Harold Schiffman hfsclpp at GMAIL.COM
Mon Mar 22 12:58:04 UTC 2010

Annual Review of Applied Linguistics (2009), 29:51-63 Cambridge University Press
Copyright © Cambridge University Press 2009


Research Article


Neil Jones and Nick Saville

This article describes how language policy is formed at a European
level, focusing on the Common European Framework of Reference for
Language (CEFR). The CEFR's prominent role in assessment has led to
criticisms of its adequacy as a model for learning and fears that it
is being used as an instrument of centralization and harmonization.
First, we argue for studying the CEFR's effect on language policy as a
case of impact, as this concept is understood within language
assessment. We refer to experience with Asset Languages, developed as
part of the United Kingdom's national languages strategy. Second, we
agree with many commentators who insist on the framework's “flexible
and context-amenable” nature. If use of the CEFR is made prescriptive
and closed, it indeed becomes a straitjacket. What is needed is
engagement with the complexity of specific contexts. We introduce the
European Survey on Language Competences, a European Union (EU)
initiative scheduled for 2011, which will further raise the profile of
the CEFR as an assessment framework. This project should contribute to
achieving comparability of measures and standards across languages. At
the same time it underlines the need to develop contextualized,
practical ways of realizing the CEFR's potential as a framework for
teaching and learning.

Neil Jones is assistant director, Cambridge ESOL Research and
Validation. He joined Cambridge ESOL in the 1990s, with a PhD from the
University of Edinburgh on the application of item response theory,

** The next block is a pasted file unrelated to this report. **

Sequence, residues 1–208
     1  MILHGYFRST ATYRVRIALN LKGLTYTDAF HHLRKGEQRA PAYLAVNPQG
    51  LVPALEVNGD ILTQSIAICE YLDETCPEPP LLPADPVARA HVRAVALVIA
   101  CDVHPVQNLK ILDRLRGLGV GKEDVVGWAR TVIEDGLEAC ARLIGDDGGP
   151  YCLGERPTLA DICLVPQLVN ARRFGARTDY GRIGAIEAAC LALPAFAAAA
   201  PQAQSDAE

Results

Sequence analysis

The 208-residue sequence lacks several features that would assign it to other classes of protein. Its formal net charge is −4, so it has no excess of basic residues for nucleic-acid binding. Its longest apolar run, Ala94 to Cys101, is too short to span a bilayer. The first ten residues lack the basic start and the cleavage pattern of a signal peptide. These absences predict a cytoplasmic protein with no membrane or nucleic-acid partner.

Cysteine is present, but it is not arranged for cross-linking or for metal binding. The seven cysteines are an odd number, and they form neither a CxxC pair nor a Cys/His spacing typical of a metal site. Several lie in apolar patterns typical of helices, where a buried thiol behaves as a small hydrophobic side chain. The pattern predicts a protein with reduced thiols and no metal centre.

which he put to good use developing analysis systems and areas of
innovation including item banking and computer-adaptive testing. His
current interests focus on the intersection of assessment and
learning, particularly in relation to the construction and use of
language proficiency frameworks. These include Asset Languages, a
multilingual assessment scheme developed as part of the United
Kingdom's national languages strategy, and the Common European
Framework of Reference for Languages. He is vice director of
SurveyLang, a consortium currently working to deliver the European
Survey on Language Competences.

Contact information: Neil.Jones at surveylang.org

Nick Saville is director of Research and Validation at Cambridge ESOL,
where he has worked since 1989 after posts at the University of
Cagliari in Italy and in Japan. He has been the representative of
Cambridge ESOL in Association of Language Testers in Europe (ALTE)
since it was established in 1990, and he has had close involvement
with the Council of Europe and European initiatives involving the
CEFR, Reference Level Descriptions for English (the English Profile
Programme) and the assessment of languages for migration and social
cohesion. His current research interests include corpus-based research
within the English Profile Programme and impact research related to
the examinations of Cambridge ESOL. In his thesis he has developed a
model for investigating the impact of language assessment within
educational contexts by providers of public examination. He is
associate editor of Language Assessment Quarterly.

Contact information: Saville.N at cambridgeesol.org

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